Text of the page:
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Publication numberUS5372211 A
Publication typeGrant
Application numberUS 07/956,684
Publication dateDec 13, 1994
Filing dateOct 1, 1992
Priority dateOct 1, 1992
Fee statusPaid
Publication number07956684, 956684, US 5372211 A, US 5372211A, US-A-5372211, US5372211 A, US5372211A
InventorsBrian H. Wilcox, Timothy R. Ohm
Original AssigneeThe United States Of America As Represented By The Administrator Of The National Aeronautics And Space Administration
Export CitationBiBTeX, EndNote, RefMan
External Links: USPTO, USPTO Assignment, Espacenet
Method for surmounting an obstacle by a robot vehicle
US 5372211 A
Abstract
Surmounting obstacles in the path of a robot vehicle is accomplished by rotating the wheel forks of the vehicle about their transverse axes with respect to the vehicle body so as to shift most of the vehicle weight onto the rear wheels, and then driving the vehicle forward so as to drive the now lightly-loaded front wheels (only) over the obstacle. Then, after the front wheels have either surmounted or completely passed the obstacle (depending upon the length of the obstacle), the forks are again rotated about their transverse axes so as to shift most of the vehicle weight onto the front wheels. Then the vehicle is again driven forward so as to drive the now lightly-loaded rear wheels over the obstacle. Once the obstacle has been completely cleared and the vehicle is again on relatively level terrain, the forks are again rotated so as to uniformly distribute the vehicle weight between the front and rear wheels.
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Claims(3)
What is claimed is:
1. A method of operating a vehicle supported on front and rear wheels connected to the vehicle body by respective front and rear struts, the front struts and the rear struts being independently rotatable about respective forward and rear axes, wherein the axes intersect the vehicle body in a direction transverse to the direction of vehicle travel, said method comprising the steps of:
rotating the front struts simultaneously about their transverse axis with respect to the vehicle body from an original angular position to move the front wheels forward so as to shift most of the vehicle weight onto the rear wheels;
driving the vehicle forward by powered rotation of at least some of said wheels so as to drive the now lightly-loaded front wheels over an obstacle;
returning the front forks to their original angular position while rotating the rear struts simultaneously about their transverse axis with respect to the vehicle body to move the rear wheels rearward so as to shift most of the vehicle weight onto the front wheels; and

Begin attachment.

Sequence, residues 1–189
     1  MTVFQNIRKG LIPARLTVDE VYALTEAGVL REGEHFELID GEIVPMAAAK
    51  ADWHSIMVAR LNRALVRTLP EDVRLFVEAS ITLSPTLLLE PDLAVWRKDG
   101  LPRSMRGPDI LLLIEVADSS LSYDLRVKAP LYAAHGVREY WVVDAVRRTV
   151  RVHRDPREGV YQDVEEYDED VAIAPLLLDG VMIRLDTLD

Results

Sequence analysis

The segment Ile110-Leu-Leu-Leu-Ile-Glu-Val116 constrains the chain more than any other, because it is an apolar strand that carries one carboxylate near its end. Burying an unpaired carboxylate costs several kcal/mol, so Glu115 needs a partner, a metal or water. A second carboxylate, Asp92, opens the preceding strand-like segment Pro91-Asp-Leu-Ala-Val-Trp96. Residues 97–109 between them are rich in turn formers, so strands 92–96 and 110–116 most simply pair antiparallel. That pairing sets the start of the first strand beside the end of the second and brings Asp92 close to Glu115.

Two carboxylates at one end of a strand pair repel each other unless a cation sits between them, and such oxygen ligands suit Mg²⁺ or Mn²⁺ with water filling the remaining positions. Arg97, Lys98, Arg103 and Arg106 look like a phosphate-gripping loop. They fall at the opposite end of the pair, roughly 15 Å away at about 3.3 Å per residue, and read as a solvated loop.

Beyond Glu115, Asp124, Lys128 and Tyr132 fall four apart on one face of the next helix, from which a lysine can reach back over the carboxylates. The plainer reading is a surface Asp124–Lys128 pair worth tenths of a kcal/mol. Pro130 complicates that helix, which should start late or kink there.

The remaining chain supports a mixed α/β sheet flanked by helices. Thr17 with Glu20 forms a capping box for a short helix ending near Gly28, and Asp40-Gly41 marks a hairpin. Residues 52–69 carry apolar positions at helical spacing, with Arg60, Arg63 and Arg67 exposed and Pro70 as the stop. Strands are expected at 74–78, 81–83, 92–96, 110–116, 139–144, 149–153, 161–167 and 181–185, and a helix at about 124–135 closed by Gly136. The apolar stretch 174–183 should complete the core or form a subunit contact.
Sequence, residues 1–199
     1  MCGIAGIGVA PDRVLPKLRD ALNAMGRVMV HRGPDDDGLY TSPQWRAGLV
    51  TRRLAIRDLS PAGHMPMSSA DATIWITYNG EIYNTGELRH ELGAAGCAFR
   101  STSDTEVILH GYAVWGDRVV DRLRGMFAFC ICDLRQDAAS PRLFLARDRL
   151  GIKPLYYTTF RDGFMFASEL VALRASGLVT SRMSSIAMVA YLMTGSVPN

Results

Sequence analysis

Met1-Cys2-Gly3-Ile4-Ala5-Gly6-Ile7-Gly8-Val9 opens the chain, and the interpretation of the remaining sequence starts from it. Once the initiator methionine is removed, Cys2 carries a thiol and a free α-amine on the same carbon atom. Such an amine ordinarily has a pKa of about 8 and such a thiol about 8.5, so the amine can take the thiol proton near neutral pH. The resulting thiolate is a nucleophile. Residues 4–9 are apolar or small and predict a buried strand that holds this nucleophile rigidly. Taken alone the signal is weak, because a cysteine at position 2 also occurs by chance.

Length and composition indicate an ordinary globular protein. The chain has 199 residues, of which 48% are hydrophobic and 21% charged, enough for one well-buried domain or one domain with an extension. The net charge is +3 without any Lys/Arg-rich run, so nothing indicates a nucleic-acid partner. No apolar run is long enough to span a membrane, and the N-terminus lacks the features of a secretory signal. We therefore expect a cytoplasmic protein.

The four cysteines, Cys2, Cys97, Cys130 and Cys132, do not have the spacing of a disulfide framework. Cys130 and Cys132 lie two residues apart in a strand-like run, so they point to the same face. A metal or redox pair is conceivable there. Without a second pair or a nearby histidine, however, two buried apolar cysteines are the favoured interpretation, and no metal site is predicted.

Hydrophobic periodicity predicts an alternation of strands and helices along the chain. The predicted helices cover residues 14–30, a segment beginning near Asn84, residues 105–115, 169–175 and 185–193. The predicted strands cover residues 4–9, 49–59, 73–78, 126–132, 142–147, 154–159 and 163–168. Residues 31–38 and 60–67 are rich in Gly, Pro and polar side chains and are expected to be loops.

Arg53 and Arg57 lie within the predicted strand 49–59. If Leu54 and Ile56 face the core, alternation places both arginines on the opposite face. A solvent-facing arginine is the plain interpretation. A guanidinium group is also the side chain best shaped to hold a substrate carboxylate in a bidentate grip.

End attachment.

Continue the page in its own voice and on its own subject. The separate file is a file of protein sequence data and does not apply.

driving said vehicle forward by powered rotation of at least some of said wheels so as to drive the now lightly-loaded rear wheels over the obstacle.
2. The method of claim 1 further comprising, after the obstacle has been cleared and the vehicle is again on relatively level terrain, rotating the front and rear struts so as to uniformly distribute the vehicle weight between the front and rear wheels.
3. A method of operating a vehicle supported on front and rear wheels connected to the vehicle body by respective front and rear struts, the front struts and the rear struts being independently rotatable about respective forward and rear axes, wherein the axes intersect the vehicle body in a direction transverse to the direction of vehicle travel, said method comprising the steps of:
rotating the front struts simultaneously about their transverse axis with respect to the vehicle body from an original angular position to move the front wheels forward so as to shift most of the vehicle weight onto the rear wheels;
driving the vehicle forward by powered rotation of at least some of said wheels so as to drive the now lightly-loaded front wheels on top of an obstacle;
returning the front forks to their original angular position while rotating the rear struts simultaneously about their transverse axis with respect to the vehicle body from an original angular position to move the rear wheels rearward so as to shift most of the vehicle weight onto the front wheels;